The entire meat-conomy (too good to never use again) basically only exists because of how well streamlined it is. You can watch documentary after documentary showcasing the truly horrific ways animals are treated in these environments, but the truth remains evident: for what it is doing, the meat-conomy is incredibly efficient. The end goal of those companies is to put pork, beef, chicken, and occasionally ammonia in your stomach, and the demand is so terrifyingly large that the only way to keep up was to create the monster we (I) call the meat-conomy. This machine was created, and we as the consumers nursed its creation.
Making any sudden change to the corporate practices of such a system is bound to cause abrupt complications in the established “flow” of business. The “trade war” that is being threatened, as I’ve already described, is a result of Canadian officials declaring that the added overhead cost of tracking each individual animal is causing estimated losses up to “one billion dollars” per year. The cited reasoning is that the additional cost of keeping track of every single head causes a superfluous amount of “busy work”, forcing the company to spend additional amounts on more manpower, and filing systems.
Our own American-based companies are stating that the expectations are “ridiculous”, indicating that a majority of the farms near the border (both Mexican and Canadian) work hand-in-hand with farms just outside of our nation’s area of control. Often times, in order to “keep good genetics,” companies will “loan out” breeder animals to the farms that lay just across the curtain. Lobbyists against the new label laws state that even though these animals are being bred using the same bulls that breed an “American” product, the companies behind are still expected to keep close track of where every single animal is born; a ruling which many in the industry feel means well, but isn’t realistic due to the amount of product being created and tracked.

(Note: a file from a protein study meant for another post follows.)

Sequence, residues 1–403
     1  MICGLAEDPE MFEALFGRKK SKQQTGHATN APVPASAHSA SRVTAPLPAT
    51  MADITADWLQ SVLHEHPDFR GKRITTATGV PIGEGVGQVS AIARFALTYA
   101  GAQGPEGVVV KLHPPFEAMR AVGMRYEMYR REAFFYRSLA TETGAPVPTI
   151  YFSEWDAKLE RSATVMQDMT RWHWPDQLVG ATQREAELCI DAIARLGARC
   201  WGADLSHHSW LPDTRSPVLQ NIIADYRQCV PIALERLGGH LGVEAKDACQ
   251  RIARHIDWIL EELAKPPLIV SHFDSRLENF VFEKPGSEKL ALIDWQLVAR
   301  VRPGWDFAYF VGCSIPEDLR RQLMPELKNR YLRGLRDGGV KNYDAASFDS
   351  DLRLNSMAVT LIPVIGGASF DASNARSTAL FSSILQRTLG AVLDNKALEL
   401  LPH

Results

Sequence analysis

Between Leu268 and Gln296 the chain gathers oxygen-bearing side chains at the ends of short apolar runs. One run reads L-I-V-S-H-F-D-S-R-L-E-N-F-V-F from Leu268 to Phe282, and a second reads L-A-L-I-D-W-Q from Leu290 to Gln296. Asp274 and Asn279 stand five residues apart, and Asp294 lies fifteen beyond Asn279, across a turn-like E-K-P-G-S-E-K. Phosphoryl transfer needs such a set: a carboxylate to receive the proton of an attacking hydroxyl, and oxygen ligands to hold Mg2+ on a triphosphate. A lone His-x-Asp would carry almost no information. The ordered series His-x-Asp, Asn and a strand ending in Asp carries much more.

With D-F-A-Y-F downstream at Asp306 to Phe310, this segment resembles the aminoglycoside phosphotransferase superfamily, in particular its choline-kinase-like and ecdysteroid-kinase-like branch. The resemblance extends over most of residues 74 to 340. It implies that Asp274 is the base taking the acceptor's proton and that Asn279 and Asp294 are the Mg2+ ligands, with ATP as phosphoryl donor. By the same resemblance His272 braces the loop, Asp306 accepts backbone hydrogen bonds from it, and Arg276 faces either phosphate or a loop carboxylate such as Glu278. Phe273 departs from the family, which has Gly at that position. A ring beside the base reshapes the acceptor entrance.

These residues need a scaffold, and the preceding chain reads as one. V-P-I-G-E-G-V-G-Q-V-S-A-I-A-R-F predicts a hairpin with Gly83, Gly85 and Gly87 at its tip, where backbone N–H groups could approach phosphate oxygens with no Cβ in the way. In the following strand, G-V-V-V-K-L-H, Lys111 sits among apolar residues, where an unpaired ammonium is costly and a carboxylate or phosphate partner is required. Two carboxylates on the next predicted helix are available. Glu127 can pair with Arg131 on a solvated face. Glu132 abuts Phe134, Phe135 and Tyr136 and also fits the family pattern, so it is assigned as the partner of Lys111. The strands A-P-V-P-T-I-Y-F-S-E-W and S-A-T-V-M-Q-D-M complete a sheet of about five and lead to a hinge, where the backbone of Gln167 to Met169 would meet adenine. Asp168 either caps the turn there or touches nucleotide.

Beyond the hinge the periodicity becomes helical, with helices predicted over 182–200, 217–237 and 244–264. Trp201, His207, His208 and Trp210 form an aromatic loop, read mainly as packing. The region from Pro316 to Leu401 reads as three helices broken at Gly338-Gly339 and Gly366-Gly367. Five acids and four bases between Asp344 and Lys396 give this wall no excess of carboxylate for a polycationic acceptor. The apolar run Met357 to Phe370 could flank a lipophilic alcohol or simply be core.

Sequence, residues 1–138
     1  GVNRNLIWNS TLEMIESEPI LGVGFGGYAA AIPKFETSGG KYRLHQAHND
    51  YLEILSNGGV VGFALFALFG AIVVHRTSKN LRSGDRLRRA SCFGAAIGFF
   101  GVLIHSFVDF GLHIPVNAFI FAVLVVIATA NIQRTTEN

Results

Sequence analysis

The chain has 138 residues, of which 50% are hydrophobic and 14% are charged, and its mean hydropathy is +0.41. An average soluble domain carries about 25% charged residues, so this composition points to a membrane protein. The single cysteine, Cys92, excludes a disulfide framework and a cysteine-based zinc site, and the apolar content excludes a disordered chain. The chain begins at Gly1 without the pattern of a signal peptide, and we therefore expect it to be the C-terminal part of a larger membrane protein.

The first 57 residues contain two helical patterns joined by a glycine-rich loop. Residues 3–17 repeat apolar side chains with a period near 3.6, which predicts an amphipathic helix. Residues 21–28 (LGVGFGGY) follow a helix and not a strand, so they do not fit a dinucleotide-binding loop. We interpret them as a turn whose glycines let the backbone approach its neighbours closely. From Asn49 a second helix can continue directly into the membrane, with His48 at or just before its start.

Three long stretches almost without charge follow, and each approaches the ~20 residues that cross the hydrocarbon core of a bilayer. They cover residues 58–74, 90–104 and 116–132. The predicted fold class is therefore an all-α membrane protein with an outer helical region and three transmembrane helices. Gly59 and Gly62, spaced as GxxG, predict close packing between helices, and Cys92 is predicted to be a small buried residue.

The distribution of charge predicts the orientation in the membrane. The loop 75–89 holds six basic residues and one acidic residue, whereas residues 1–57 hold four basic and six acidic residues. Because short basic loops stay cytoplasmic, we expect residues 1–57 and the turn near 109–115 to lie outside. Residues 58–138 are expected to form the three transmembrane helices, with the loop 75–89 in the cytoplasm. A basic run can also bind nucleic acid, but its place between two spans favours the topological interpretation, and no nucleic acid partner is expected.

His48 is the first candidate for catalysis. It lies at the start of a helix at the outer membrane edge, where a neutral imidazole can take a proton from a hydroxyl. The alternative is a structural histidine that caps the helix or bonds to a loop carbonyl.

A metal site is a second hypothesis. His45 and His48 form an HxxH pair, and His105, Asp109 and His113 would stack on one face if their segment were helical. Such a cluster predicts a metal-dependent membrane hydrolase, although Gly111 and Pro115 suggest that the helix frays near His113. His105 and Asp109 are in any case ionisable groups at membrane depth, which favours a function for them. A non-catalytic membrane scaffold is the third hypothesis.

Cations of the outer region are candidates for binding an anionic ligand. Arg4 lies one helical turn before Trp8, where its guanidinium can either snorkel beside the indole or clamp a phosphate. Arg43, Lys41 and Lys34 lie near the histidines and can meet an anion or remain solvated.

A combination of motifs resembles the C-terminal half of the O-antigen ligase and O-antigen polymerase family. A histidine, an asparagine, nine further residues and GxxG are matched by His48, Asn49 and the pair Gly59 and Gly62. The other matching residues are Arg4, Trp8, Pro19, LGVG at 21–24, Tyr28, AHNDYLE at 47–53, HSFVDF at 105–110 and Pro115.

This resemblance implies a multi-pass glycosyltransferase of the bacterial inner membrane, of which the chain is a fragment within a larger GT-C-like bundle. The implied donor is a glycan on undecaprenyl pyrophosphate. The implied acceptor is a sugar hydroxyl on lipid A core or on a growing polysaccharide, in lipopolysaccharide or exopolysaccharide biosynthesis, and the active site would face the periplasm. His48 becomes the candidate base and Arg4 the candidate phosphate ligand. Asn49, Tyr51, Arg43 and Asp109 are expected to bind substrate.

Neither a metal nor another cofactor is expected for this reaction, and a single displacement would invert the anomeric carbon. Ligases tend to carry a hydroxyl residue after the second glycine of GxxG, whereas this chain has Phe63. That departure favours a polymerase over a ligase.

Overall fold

Understanding that every country has different laws on how their specific industry works (and that companies that fall within the boundaries of these laws have established their projections based on them and how they impact overhead) helps shed light on the issue that one isn’t likely to find from reading reports from the pro-law advocacy groups.